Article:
3 Credit Report Errors That Could Be Dragging Your Score Down
by Maurie Backman | Updated Aug. 28, 2022 - First published on Sept. 19, 2021
It's important to check your credit report for errors since mistakes like these could be really harmful.
You'll often hear that it's important to check your credit report a few times a year. Doing so will help you determine if you're in a good position to apply for a big loan like a mortgage. And it will also give you a heads up if there's fraudulent activity you may have fallen victim to.
In the course of reading your credit report, you may come across errors. Unfortunately, credit report errors are actually pretty common. And these three could end up impacting your credit score in a negative way.
1. Delinquent debts you've already gotten current on
Your payment history -- the extent to which you're timely with your debt payments and obligations -- carries more weight than any other factor when calculating your credit score. So if your credit report lists delinquent accounts, that could easily damage your score.
It's possible, though, to have debts listed as delinquent on your credit report that you've already settled or gotten current on. If you see a debt listed as outstanding and you know you've paid it off, contact the credit bureau reporting that error and provide whatever documentation you have that shows that the debt has been cleared.
2. Accounts you never opened in the first place
Having too many loans or credit card accounts open can be bad for your credit score. So if you see an account listed on your credit report that you never opened, you'll need to investigate.
Your first move should be to call the bank or credit card company behind that account and confirm with them that they show an account listed in your name. If they do, you may have fallen victim to fraud. If they don't show an open account in your name, ask for a letter to that effect that you can share with the reporting bureau in question.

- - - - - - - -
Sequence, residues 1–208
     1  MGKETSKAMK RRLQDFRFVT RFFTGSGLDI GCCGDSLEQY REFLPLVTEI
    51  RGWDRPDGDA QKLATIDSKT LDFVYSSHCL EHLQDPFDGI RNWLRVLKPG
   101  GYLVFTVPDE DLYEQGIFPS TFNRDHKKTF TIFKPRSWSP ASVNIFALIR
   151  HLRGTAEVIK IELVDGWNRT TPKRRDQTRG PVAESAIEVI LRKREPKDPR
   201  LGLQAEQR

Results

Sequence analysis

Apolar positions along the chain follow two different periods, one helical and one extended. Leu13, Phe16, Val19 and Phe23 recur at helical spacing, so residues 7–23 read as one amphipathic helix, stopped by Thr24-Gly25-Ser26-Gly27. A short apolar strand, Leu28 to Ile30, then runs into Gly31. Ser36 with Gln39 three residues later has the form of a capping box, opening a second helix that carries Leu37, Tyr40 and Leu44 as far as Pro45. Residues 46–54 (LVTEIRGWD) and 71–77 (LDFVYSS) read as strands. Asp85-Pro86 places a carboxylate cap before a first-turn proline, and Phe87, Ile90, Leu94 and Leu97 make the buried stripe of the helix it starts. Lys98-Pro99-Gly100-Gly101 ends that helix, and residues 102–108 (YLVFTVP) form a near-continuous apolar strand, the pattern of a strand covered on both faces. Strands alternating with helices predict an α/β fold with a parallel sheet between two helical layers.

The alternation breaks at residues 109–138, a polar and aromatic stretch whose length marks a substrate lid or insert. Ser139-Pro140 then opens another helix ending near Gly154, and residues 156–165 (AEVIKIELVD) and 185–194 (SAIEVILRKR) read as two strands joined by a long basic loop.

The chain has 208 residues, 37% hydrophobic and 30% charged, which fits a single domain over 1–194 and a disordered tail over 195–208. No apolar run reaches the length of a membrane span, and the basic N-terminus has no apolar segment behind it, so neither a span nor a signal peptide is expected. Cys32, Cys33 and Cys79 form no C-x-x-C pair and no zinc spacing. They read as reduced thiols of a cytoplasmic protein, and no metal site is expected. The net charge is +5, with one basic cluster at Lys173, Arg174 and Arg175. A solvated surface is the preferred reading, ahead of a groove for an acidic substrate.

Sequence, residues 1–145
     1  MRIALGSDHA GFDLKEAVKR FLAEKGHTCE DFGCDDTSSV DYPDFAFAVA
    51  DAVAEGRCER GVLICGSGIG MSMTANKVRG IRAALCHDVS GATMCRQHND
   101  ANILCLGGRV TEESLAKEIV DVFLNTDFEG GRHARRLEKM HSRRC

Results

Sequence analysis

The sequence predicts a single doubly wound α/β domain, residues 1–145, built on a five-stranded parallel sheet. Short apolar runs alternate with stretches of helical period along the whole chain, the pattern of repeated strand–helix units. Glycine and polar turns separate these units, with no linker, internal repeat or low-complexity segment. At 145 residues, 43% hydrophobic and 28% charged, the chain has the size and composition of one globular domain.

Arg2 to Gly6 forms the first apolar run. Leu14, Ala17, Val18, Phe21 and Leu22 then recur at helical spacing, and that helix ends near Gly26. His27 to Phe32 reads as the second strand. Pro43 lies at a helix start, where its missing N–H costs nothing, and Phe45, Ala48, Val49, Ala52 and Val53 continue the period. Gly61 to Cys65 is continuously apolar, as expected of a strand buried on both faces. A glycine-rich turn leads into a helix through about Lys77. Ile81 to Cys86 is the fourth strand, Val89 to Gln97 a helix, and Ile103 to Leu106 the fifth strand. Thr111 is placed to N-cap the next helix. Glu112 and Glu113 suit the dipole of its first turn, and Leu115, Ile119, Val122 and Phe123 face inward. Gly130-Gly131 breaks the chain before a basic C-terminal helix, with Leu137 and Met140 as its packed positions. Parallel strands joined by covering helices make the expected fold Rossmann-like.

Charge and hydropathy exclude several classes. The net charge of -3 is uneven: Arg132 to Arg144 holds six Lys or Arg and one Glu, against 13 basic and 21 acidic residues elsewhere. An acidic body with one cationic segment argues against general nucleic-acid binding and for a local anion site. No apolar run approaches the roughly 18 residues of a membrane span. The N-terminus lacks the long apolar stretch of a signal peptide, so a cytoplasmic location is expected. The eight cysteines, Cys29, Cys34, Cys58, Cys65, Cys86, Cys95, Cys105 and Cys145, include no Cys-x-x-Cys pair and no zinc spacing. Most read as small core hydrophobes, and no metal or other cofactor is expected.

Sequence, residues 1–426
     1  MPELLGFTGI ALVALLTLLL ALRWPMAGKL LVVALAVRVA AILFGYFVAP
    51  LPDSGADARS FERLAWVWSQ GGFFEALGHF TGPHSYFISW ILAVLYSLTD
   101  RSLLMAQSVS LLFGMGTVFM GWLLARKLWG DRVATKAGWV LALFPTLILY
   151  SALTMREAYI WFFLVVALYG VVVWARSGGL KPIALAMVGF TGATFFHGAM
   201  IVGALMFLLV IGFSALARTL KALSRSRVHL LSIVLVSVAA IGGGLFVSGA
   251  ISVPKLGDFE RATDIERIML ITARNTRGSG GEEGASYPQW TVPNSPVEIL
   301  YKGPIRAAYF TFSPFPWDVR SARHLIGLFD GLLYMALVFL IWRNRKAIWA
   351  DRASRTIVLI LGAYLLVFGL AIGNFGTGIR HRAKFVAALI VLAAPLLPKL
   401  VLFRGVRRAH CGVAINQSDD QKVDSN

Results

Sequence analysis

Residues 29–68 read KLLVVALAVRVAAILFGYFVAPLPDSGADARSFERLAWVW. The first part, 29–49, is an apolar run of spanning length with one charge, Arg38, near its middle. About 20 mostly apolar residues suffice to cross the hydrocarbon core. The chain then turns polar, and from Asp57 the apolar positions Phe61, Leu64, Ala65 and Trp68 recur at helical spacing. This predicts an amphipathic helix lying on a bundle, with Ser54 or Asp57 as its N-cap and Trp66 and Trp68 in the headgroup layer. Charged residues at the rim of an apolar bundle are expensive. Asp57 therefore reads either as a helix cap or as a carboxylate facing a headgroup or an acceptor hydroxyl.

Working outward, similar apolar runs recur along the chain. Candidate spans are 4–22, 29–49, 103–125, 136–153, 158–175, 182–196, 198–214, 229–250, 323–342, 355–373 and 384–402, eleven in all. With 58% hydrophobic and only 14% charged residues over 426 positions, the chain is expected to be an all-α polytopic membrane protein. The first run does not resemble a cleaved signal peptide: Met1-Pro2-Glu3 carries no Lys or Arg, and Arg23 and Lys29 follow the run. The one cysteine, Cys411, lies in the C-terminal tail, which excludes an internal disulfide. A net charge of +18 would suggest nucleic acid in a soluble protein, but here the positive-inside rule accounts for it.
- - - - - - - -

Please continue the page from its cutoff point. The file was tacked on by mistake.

3. Incorrect loan or account balances
Another big factor that goes into calculating your credit score is your credit utilization ratio. That ratio measures how much of your available revolving credit you're using at once.
A higher ratio isn't good for your score, so if your credit report says you have a $5,000 balance on a credit card when you know you only owe $2,000, that's something you'll want corrected. In this situation, providing the reporting bureau with your latest credit card account statement should do the trick if that statement clearly shows that your balance is much lower than the amount listed on your credit report.
Staying on top of your credit report is important, whether you're applying for a major loan or not. It's a good idea to check your report every three months and make sure mistakes aren't hurting you.
Normally, you can request one free copy of your credit report each year from each of the three major reporting bureaus -- Experian, Equifax, and TransUnion. Right now, however, credit reports are free on a weekly basis until April of 2022. So if you want to do a little extra investigating, that's certainly an option worth taking advantage of.
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